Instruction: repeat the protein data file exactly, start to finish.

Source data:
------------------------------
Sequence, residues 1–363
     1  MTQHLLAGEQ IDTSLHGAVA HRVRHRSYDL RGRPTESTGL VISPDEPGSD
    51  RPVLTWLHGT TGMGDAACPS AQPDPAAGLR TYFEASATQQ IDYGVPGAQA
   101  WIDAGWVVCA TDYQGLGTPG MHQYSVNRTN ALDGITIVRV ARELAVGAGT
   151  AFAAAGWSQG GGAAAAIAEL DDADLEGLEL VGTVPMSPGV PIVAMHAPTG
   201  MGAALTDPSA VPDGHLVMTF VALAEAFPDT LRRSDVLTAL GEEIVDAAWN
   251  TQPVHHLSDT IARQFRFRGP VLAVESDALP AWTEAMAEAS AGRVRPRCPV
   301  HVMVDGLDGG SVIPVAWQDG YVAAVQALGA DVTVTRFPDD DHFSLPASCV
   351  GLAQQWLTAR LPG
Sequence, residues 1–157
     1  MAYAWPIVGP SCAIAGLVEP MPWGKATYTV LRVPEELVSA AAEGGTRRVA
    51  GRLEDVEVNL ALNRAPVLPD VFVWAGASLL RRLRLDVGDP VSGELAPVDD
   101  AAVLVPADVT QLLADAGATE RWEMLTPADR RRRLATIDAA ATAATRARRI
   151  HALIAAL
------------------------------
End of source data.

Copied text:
Sequence, residues 1–363
     1  MTQHLLAGEQ IDTSLHGAVA HRVRHRSYDL RGRPTESTGL VISPDEPGSD
    51  RPVLTWLHGT TGMGDAACPS AQPDPAAGLR TYFEASATQQ IDYGVPGAQA
   101  WIDAGWVVCA TDYQGLGTPG MHQYSVNRTN ALDGITIVRV ARELAVGAGT
   151  AFAAAGWSQG GGAAAAIAEL DDADLEGLEL VGTVPMSPGV PIVAMHAPTG
   201  MGAALTDPSA VPDGHLVMTF VALAEAFPDT LRRSDVLTAL GEEIVDAAWN
   251  TQPVHHLSDT IARQFRFRGP VLAVESDALP AWTEAMAEAS AGRVRPRCPV
   301  HVMVDGLDGG SVIPVAWQDG YVAAVQALGA DVTVTRFPDD DHFSLPASCV
   351  GLAQQWLTAR LPG
Sequence, residues 1–157
     1  MAYAWPIVGP SCAIAGLVEP MPWGKATYTV LRVPEELVSA AAEGGTRRVA
    51  GRLEDVEVNL ALNRAPVLPD VFVWAGASLL RRLRLDVGDP VSGELAPVDD
   101  AAVLVPADVT QLLADAGATE RWEMLTPADR RRRLATIDAA ATAATRARRI
   151  HALIAAL